Slidell, John

Born: 1793-XX-XX New York, New York

Died: 1871-07-09 United Kingdom

Flourished: Louisiana

Slidell graduated from King's College (Columbia), studied law, and was admitted to the bar in New York. Around 1819, he moved to New Orleans, where he continued practicing law. Slidell served as U.S. district attorney from 1829 to 1833. He was elected as a Democrat to the U.S. House of Representatives, where he served from 1843 to 1845. In November 1845, Slidell was appointed minister to Mexico, but that government refused to accept him, and he left his post in March 1846. He was later elected as a Democrat to the U.S. Senate, where he served from 1853 to 1861, resigning his seat following the secession of Louisiana. In September 1861, the Confederate government appointed Slidell commissioner to France. In November, Slidell and fellow commissioner James Murray Mason became embroiled in the Trent Affair, when the U.S. Navy removed Slidell and Mason from the British ship HMS Trent as they were attempting to run the Union blockade and get to Europe. Arrested and imprisoned in Fort Warren, Slidell was subsequently released, traveling first to Great Britain and then France, where he failed to convince the French government to recognize the Confederacy.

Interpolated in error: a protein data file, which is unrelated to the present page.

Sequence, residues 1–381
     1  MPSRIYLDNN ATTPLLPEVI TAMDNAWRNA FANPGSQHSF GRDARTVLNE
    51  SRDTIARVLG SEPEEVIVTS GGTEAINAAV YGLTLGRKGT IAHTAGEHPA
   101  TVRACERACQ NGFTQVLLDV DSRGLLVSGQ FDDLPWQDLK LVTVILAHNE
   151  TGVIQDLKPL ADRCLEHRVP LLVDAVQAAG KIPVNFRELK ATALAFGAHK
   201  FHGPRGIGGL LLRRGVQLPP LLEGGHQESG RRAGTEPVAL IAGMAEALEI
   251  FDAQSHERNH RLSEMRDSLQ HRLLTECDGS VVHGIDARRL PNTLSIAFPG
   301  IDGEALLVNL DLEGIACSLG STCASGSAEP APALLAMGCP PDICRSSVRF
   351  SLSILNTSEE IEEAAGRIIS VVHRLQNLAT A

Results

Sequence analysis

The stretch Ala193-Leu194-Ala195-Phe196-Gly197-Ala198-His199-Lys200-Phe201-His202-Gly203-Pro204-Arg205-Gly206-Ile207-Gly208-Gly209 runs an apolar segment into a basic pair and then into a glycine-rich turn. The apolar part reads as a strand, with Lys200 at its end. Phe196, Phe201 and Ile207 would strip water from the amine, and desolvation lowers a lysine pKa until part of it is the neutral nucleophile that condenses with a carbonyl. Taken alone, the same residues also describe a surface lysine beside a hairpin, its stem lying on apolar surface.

Biographical Directory of the American Congress 1774-1996 (Alexandria, VA: CQ Staff Directories, 1997), 1833.